Yes, to the point of encouraging through all means a broad array of retail and restaurant outlets on our ground floors in pedestrian zones. No, to the point of hiring a local person to try to solve the problem.
The city should not be involved in seeking out quick fixes to adjust to our changing economic times. They simply don’t have the internal expertise or inherent authority to effectuate any kind of meaningful change.
Our council is much better served to make short- and long-term decisions that will protect and improve upon the special qualities that give Aspen a unique sense of place and purpose. They should focus their daily attention on taking the proper steps to ensure that we maintain our unique position as a premier destination resort and incomparable mountain cultural mecca into the foreseeable future.
They must never lose sight of making the best day-in and day-out decisions that protect our core assets and further distinguish our mountain town from all others.
Arts groups depend on ticket sales to guests. Employers must make payroll. Employees have bills to pay.
Aspen is a resort community and the amenities that contribute to our quality of life are affected by the economy, from funding childcare and open space purchases to reducing congestion with mass transit.
Government plays a role. When I was mayor, I worked to create new guest and community amenities such as the Aspen Recreation Center, skateboard park and to improve the golf course.
Planning ahead, we should support improvements that Pitkin County’s airport master plan identifies. We should support new quality special events like Comedy Festival and the X Games, but not host a chili shoot-off every weekend. I believe that marketing decisions should be left to the chamber.
Carefully planned housing is needed to stem the loss of middle class families and young and middle-aged community members. Working residents keep Aspen real, adding vitality, volunteering for nonprofits and spending their money here.
Protecting our natural environment by acquiring Smuggler and Shadow mountains enhances our town, as does assuring that new downtown development maintains Aspen’s historic character and scale.
Our zoning should favor retail uses downtown and not allow residential, office space and sales outlets for timeshares to deaden the vitality of the core.
We can do more to support the arts, our heritage and defining difference between Aspen and other resorts, by better utilizing the Wheeler fund (over $12 million by 2007) to bring in more live performances and help fund promotions that increase visitation by arts patrons.
The city government is involved. So the answer is yes.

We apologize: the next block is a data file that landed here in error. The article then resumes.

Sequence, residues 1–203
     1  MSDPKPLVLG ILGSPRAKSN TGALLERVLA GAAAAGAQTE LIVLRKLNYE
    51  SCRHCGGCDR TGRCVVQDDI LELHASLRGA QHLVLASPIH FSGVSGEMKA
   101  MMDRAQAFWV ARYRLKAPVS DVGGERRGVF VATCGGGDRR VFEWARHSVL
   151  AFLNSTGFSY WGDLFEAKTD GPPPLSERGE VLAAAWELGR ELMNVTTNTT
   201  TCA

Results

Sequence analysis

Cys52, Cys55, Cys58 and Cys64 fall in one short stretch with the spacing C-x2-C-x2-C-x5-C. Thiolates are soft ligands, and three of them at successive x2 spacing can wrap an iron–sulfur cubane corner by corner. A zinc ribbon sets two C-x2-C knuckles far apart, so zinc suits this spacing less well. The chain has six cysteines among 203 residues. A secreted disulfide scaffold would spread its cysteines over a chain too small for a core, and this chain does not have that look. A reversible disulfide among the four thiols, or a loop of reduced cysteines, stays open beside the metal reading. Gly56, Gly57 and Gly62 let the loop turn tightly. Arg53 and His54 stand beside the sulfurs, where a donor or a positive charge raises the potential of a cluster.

The city has an ongoing relationship with the Aspen Chamber Resort Association. One of the chamber’s stated missions is “Facilitating community synergy among government and local civic organizations.” The city proposed and the voters approved a marketing tax to help bring visitors here. ACRA does the marketing.
The city has had several groups that were/are engaged in looking at the downtown economy/experience. They are the Downtown Enhancement and Pedestrian Plan (DEPP), The Downtown Improvement Group (DIG), the Commercial Core and Lodging Committee (CCLC) and the Economic Sustainability Committee.
The Infill Committee is considering changes to the city code, and how the changes will help downtown land and building owners to build or revitalize their properties to stimulate business. The city adopted a fractional ownership ordinance in hopes it will bring more tourists to town.
The city has extended the time a business can expand outside, onto public property, by two months. The city has relaxed the noise ordinance to permit louder, fun events. The city has permitted the Farmers Market to expand onto Connor Park and an additional street.
We have invested in new bathrooms so that more people can “hang out” (and maybe do some shopping) downtown. We keep the benches, lighting, trees, sculptures and water features in good repair and line the mall with flowers. We discourage bears from dumping garbage and loitering.
The sooner we agree on the next steps, the sooner the city will help it get done. The real challenge is the agreeing part.
The business of government is business. It is the purpose of our local government leaders to assure that the business community has a smooth path to communicate their ideas on how they can increase their business potential, to provide recreational opportunities for our citizens and visitors, and to carry out the essential maintenance and care of our town.
Local government should be a partner with our business community so that we can set and obtain common goals. We do not need downtown managers, or uptown managers, with consultants advising them.
What we need are leaders with the courage to go out into the community, walking and talking to our citizens, so that there is a better understanding of the day-to-day operations of our business community. The men and women who run the businesses in our community know what they need, and it is time to listen to them on a one-on-one basis.